Understanding the Immune System
The immune system or immunity is a network of cells, tissues, and organs that protect your body from foreign invaders like bacteria, fungi, viruses, and parasites that can cause infections and diseases. The immune system also assists in getting rid of pre-cancerous cells that are growing out of control. Whenever the immune system senses an attack of foreign bodies, it triggers a release of special cells. These special cells attack the intruders and get rid of them.
Types of Immune System
- Innate Immunity – It refers to the non-specific defense mechanisms that respond almost immediately or within hours of an antigen’s appearance in the body. This includes barriers like skin, chemicals present in the blood, and immune system cells. This response is activated by the chemical properties of the antigen itself. The response of innate immunity is rapid
- Adaptive Immunity – It refers to antigen-specific immune response. It first recognizes the antigen, then processes it, and then works on creating a specific army of immune cells that are designed specifically to attack that antigen. The response is relatively slower. It includes lymph nodes, spleen, mucosal-associated lymph tissues and is composed of B-Cells and T-Cells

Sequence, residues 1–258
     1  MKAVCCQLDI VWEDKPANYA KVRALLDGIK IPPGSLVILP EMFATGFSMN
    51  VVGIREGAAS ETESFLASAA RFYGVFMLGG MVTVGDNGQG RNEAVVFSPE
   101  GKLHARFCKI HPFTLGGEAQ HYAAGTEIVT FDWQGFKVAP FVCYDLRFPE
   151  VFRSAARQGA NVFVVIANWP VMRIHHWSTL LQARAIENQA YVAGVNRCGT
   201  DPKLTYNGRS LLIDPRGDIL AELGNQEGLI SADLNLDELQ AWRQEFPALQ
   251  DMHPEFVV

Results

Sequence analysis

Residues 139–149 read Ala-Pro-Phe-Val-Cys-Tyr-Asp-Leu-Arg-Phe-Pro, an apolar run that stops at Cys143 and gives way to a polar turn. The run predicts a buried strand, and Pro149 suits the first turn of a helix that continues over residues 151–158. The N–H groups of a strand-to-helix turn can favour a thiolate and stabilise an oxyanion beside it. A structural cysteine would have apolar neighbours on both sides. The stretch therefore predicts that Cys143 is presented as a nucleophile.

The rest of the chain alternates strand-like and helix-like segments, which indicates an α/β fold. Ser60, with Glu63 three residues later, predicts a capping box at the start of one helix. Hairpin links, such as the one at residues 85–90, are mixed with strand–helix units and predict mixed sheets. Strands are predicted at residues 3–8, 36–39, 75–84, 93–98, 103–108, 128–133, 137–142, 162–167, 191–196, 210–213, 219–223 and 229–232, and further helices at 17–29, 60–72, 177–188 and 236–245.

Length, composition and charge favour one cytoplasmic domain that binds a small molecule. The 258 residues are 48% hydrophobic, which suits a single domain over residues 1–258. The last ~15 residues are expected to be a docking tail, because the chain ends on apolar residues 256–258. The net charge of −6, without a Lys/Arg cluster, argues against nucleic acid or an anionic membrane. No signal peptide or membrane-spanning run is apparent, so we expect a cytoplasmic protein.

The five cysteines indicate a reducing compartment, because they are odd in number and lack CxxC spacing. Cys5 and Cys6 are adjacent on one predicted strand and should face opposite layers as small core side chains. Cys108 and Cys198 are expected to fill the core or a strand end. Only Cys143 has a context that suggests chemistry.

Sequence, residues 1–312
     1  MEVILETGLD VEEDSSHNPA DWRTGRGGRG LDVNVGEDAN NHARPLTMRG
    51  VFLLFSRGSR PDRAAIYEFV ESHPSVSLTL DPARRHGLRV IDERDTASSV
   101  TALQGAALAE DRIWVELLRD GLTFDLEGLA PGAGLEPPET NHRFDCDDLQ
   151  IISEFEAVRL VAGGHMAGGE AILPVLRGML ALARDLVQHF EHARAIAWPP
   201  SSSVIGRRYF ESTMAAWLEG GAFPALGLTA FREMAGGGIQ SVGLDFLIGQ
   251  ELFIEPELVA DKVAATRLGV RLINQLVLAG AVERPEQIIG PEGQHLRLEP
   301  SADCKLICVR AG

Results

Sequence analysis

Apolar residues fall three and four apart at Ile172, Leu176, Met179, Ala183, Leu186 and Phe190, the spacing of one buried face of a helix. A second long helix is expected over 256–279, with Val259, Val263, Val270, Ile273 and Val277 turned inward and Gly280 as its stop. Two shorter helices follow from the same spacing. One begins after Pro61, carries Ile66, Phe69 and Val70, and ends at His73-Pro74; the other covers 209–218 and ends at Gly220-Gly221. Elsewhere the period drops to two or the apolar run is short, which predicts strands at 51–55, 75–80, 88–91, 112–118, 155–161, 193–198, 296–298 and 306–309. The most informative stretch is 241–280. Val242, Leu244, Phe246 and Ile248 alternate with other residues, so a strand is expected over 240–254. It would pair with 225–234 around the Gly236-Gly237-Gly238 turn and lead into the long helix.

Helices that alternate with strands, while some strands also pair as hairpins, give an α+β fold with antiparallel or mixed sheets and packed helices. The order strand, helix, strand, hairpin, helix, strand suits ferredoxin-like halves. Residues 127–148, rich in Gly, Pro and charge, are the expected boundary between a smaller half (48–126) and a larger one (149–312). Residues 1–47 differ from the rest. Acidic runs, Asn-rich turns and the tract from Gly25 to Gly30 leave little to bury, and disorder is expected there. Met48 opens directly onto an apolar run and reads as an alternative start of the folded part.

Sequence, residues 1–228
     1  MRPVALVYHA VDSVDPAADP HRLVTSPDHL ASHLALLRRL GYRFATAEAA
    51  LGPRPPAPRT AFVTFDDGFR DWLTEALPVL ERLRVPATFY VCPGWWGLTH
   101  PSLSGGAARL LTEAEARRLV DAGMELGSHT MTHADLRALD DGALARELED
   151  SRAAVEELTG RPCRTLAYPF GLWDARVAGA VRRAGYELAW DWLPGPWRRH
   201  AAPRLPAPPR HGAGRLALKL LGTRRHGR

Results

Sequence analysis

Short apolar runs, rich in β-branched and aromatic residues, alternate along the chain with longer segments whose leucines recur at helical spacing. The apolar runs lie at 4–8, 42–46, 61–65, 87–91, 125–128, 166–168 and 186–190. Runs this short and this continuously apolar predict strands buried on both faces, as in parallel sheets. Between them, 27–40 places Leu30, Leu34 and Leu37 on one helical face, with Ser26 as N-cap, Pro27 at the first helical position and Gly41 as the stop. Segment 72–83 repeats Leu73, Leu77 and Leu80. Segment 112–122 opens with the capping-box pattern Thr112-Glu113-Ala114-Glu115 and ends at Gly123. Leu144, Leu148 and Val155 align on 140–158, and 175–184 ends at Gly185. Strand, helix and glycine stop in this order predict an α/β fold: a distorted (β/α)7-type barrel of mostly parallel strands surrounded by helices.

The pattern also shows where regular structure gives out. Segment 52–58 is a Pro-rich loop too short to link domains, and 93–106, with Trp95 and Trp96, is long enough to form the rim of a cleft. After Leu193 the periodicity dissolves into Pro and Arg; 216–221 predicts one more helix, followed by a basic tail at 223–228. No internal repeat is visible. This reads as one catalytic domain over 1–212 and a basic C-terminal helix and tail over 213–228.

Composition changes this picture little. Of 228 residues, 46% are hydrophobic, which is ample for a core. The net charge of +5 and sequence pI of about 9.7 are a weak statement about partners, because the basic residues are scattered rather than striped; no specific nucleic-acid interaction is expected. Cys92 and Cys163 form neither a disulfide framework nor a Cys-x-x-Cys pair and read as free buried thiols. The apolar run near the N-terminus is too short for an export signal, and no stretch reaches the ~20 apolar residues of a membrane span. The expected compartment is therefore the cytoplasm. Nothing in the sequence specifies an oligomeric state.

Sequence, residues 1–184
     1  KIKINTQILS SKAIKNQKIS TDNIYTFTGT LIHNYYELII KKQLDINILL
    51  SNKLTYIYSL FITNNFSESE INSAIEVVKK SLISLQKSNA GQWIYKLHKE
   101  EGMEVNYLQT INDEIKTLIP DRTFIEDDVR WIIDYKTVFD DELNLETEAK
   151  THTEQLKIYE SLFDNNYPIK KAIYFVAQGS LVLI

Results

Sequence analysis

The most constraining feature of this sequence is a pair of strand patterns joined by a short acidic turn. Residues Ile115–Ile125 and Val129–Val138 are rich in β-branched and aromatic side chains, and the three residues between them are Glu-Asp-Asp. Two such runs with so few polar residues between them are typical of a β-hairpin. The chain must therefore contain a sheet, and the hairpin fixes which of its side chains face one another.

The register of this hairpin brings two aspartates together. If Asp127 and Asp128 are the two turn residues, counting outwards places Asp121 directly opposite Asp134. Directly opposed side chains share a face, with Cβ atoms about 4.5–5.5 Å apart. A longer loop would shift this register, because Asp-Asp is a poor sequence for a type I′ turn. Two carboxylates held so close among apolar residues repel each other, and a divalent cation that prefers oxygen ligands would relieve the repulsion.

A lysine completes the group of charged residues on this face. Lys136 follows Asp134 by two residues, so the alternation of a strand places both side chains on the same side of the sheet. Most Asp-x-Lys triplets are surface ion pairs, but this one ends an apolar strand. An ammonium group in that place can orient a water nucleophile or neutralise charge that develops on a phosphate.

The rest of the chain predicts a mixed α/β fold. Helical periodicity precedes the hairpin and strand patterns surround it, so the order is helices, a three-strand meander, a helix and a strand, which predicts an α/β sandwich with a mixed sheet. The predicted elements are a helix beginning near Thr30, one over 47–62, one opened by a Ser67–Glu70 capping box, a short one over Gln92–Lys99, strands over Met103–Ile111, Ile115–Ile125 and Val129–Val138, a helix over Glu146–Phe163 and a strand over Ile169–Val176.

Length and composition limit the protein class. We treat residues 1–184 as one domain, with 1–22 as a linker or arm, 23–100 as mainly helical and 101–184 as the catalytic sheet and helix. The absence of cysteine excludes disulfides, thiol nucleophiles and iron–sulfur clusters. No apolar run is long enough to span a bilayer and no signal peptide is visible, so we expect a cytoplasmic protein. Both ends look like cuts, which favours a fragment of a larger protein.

The immune system has a tough time-fighting cancer cells because it fails to recognize the cancer cells as foreign and then cancer cells start to grow out of control. This is why many people with healthy immune systems still end up developing cancer. However, sometimes it might recognize them but the response is not strong enough to destroy cancer.
Cancer cells give off substances that keep the immune system in check or in a state of inactivity. To overcome this, researchers have found methods to make the immune system recognize the cancer cells. It also aims at strengthening the response so that it is able to destroy the cancer cells.
Immunotherapy, also known as biologic therapy is one such method. It boosts the body’s natural defense mechanisms to fight viruses. It adds to the maintenance of both, innate and adaptive immune systems. It improves the immune system functions by:
- Giving the immune system components externally, like man-made system proteins
- Stimulating the existing system to work harder
- Stopping or slowing the growth of viruses or cancerous cells
- Improving the functioning of the immune system to work better at destroying antigens
- Preventing cancer from spreading to other parts of the body
A strong and healthy immune system goes a long way in maintaining a healthy and illness-free lifestyle.